In a country where the biggest sports like football, basketball and baseball pay their superstars millions of dollars a year to perform soccer is definitely in a different, much lower, league.
Nonetheless, the 27 clubs that make up Major League Soccer in 2021 are all far wealthier than one might first assume.
It’s true that they’ll never match the wealth of Europe’s biggest soccer clubs whose values are measured in billions (anytime soon anyway), but a number of factors may help to narrow the gap.
One of these factors goes right back to the original reason why the league was set up in 1993. This came as preparation for hosting the World Cup in 1994 and, with the tournament due to be held here again in 2026, this is certain to give the sport a further boost.
In the meantime, here are the ten wealthiest clubs in the league, and a little about what has helped to put them there.
10. Sporting Kansas City $325 million
Owned by a group of Kansas City investors under a consortium called Sporting Club, Sporting KC have been in existence since 1995, making them one of the older clubs in the league. With 14,000 season ticket holders, and a long waiting list of others waiting to join them, they generally have no trouble filling out their 18,000-capacity stadium.
9. DC United $330 million
DC United first entered the league in 1996 and the team’s first owner was the famous investor George Soros. Since then, the club has changed hands several times and its current owners are a consortium called DC United Holdings. Perhaps the biggest ever coup was attracting the English striker Wayne Rooney to the team in 2018.
8. Chicago Fire $335 million
Chicago Fire made the headlines in September 2019 when local billionaire Joe Mansueto paid $204 million to gain a 100% stake in the club. This kind of confidence in their future also helped to fire up betting on the team. With a prospective move to a new stadium, which will cost less and have a far higher capacity, we can expect them to start climbing up the top 10 list soon.
7. New York City FC $385 million
The team was the city’s first ever entrant into MLS playing their first games in 2015. 20% owned by Yankee Global Enterprises and 80% by City Football Group, they play their home matches at the legendary Yankee Stadium in the Bronx. With a 28,000 capacity it offers them plenty of potential for additional ticket sales.
6. Portland Timbers $390 million
One team that has no trouble selling all the tickets for its home matches is the Portland Timbers. First inaugurated in 2009, they were winners of the MLS Cup in 2015 and runners-up in 2018. This consistent success has seen attendances steadily rise over the years.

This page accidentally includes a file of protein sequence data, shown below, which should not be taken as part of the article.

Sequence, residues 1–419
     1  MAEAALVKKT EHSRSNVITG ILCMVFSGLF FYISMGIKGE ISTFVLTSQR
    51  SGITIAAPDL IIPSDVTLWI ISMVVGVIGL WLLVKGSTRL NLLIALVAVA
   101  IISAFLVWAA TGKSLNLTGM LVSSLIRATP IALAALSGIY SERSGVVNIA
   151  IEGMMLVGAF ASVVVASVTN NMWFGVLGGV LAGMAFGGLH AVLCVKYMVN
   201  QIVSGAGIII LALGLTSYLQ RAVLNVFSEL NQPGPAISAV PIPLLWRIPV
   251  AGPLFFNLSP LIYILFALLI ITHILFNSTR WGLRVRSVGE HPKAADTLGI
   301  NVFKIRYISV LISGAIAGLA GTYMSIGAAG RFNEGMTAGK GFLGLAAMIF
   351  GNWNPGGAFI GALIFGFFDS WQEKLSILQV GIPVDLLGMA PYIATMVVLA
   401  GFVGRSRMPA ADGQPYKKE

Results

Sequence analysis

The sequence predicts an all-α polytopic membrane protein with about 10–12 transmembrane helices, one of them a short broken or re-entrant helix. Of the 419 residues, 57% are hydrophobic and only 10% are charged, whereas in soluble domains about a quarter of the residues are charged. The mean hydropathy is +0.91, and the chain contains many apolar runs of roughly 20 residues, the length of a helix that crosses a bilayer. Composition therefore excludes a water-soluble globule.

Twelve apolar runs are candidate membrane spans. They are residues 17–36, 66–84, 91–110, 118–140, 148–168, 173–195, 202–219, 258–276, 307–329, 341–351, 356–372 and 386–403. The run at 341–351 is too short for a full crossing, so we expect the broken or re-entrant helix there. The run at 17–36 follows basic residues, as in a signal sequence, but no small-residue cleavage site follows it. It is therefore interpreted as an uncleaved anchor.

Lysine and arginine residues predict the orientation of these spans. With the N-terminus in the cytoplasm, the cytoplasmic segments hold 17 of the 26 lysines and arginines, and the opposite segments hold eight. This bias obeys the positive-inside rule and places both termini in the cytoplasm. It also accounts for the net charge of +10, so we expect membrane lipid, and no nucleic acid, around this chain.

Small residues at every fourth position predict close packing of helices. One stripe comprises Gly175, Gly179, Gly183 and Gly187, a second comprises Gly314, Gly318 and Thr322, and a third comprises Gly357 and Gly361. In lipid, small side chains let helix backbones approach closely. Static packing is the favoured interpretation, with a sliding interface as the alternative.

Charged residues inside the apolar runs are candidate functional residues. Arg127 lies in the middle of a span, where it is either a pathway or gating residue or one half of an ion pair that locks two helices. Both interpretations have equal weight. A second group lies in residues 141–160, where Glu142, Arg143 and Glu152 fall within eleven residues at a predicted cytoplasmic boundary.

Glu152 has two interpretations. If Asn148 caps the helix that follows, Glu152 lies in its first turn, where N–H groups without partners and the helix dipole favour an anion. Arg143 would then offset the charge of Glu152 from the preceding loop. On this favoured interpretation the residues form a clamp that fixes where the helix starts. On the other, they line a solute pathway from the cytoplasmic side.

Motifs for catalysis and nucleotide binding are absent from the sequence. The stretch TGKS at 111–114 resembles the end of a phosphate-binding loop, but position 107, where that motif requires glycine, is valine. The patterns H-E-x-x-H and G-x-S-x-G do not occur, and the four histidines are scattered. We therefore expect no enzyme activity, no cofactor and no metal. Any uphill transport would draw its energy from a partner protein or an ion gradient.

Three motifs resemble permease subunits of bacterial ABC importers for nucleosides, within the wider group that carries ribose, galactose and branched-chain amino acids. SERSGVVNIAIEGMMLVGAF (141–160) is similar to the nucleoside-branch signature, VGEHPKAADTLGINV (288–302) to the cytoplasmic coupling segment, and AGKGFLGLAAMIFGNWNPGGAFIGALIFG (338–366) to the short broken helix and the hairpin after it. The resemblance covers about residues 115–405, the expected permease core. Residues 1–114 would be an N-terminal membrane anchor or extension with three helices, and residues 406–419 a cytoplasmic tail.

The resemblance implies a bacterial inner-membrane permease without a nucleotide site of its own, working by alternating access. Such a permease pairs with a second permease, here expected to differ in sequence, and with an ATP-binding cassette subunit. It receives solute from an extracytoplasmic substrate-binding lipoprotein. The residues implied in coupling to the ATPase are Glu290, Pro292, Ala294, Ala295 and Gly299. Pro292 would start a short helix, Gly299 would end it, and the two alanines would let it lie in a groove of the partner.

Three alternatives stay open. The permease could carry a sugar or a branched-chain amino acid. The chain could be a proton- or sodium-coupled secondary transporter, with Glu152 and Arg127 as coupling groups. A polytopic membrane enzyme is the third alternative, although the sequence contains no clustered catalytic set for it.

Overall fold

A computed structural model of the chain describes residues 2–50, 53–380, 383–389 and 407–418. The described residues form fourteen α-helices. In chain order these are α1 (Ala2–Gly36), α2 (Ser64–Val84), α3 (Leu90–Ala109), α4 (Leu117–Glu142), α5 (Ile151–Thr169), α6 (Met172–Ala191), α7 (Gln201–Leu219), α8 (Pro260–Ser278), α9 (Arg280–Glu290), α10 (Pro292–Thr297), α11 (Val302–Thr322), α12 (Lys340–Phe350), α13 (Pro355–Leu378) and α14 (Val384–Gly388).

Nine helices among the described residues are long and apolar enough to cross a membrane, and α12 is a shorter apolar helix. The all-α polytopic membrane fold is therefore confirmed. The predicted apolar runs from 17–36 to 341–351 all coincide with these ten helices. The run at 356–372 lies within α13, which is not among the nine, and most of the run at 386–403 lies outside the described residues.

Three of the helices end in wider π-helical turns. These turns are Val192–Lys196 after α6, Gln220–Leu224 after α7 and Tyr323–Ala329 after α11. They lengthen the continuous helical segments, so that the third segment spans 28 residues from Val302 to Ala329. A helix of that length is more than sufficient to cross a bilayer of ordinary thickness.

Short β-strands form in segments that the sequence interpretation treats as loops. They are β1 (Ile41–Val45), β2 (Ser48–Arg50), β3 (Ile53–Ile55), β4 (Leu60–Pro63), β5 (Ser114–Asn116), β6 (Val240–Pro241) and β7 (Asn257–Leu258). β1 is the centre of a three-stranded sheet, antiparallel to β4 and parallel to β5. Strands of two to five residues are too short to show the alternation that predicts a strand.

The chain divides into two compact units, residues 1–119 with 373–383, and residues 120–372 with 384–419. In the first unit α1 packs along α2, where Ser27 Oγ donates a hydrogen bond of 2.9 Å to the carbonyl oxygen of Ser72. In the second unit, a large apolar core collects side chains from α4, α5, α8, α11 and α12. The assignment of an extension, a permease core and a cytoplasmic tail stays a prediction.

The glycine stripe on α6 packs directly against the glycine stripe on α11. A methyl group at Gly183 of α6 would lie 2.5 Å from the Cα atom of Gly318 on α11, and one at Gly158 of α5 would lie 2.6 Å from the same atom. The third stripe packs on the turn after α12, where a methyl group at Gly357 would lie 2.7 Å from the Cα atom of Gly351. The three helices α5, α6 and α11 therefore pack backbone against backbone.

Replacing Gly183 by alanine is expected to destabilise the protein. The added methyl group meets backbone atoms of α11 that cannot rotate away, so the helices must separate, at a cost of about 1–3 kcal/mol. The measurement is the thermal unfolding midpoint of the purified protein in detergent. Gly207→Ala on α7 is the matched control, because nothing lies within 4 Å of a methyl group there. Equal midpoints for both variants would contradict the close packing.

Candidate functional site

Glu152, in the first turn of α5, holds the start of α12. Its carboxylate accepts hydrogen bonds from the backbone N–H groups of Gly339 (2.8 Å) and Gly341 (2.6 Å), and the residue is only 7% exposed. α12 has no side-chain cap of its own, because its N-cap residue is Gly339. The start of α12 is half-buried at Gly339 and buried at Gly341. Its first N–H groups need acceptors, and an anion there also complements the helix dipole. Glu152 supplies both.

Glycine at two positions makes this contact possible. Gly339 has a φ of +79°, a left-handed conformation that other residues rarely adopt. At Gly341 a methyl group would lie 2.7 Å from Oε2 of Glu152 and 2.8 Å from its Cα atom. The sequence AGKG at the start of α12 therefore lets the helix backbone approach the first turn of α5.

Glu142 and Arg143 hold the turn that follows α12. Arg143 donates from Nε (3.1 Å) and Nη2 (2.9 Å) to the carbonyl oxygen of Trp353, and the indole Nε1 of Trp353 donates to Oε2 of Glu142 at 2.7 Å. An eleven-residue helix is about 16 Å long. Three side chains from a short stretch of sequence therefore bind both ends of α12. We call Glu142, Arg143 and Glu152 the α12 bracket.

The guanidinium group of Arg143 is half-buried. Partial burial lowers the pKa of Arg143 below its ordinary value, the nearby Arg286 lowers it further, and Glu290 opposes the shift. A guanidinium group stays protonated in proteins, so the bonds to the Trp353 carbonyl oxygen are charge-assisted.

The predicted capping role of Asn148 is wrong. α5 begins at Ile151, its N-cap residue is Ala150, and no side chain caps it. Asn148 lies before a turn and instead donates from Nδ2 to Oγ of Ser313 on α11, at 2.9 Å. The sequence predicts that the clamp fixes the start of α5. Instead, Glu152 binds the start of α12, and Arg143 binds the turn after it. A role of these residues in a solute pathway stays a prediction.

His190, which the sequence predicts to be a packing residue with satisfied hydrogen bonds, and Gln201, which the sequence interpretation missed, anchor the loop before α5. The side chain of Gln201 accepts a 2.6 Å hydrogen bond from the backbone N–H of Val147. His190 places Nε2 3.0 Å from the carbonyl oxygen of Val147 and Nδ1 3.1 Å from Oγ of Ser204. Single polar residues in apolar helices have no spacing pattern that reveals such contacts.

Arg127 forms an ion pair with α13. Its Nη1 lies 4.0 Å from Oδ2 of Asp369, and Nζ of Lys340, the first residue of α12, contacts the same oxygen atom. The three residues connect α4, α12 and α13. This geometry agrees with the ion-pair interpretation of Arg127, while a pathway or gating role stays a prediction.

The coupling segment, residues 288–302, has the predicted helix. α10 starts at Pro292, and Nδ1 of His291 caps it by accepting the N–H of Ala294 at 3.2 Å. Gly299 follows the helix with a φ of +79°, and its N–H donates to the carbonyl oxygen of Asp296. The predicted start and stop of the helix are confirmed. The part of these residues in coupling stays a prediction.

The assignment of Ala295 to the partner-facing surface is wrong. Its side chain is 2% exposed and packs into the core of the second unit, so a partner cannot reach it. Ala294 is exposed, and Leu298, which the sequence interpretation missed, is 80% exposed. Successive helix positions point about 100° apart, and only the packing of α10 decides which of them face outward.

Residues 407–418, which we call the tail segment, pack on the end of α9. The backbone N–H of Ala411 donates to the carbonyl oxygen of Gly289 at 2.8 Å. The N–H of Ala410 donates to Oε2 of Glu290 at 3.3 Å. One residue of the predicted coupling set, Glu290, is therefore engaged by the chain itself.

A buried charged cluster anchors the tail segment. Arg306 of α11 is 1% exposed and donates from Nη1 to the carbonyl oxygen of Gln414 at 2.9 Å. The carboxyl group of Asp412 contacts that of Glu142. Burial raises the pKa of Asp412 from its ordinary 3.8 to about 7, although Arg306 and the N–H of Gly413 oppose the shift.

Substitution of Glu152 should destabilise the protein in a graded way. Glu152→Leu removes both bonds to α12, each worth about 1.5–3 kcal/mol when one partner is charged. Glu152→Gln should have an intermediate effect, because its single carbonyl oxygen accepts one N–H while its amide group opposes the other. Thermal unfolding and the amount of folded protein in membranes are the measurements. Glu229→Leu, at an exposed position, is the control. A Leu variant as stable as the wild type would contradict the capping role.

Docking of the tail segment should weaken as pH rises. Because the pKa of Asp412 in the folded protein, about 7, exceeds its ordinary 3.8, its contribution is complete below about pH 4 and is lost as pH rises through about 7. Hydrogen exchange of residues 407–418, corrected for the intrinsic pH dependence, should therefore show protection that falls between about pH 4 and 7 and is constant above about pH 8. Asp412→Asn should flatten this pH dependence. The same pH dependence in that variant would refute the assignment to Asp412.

5. Toronto FC $395 million
The only Canadian club in the top 10, Toronto FC have proved to be a big success in a country where hockey is undoubtedly the major sport. The team is owned by Maple Leaf Sports and Entertainment Ltd. who also control the NHL team the Maple Leafs and the Raptors basketball team.
4. Seattle Sounders $405 million
The Sounders have their many seasons of success to thank for their high position. In the 13 years of their existence, they have been four-time winners of the US Open Cup and double winners of the MLS Cup in 2016 and 2019 as well as being runners-up twice. They also have the highest average attendance in the league.
3. Los Angeles FC $475 million
As the first of the two LA-based clubs in the top three, Los Angeles FC is majority owned by Brandon Beck, Larry Berg and Bennett Rosenthal, along with a long list of other partners that even include Will Ferrell and Magic Johnson. A main source of revenue comes from ticket prices that are among the highest in the league, as well as around $13 million a year for stadium-naming and jersey sponsor rights.
2. LA Galaxy $480 million
The fierce rivalry between LAFC and LA Galaxy has been nicknamed “El Trafico” by fans and ensures huge interest whenever the two team’s clash. For example, when they met in the 2019 play-off semifinal an estimated 900,000 viewers tuned in to ESPN. What really put them on the map was signing David Beckham in 2007, a move which arguably raised the profile of MLS in general, even on the international stage.
1. Atlanta Utd $500 million
Leading the way by quite a margin is Atlanta Utd. The club is unusual in a number of respects, the first of which is that it even makes a profit – $7 million a year on revenues of almost $80 million. The team’s Mercedes Benz Stadium is also large enough to accommodate the 52,000 fans who attend home games – a number that equals or exceeds attendances in many of the world’s major leagues. They have also succeeded where others have failed in selling players overseas with the most notable example being Miguel Almirón, bought by Newcastle United for $27 million in 2019.
All in all, things are looking pretty good for MLS going forward. As well as the World Cup in a few years’ time, renegotiations for TV rights are due to be held next year which should provide a real boost to clubs’ finances. There are also reports that David Beckham is starting to invest heavily in Inter Miami, one of the newest entrants to the league.
So, perhaps one day, MLS will be up there with La Liga or the Premier League – and there are many people who would relish that prospect.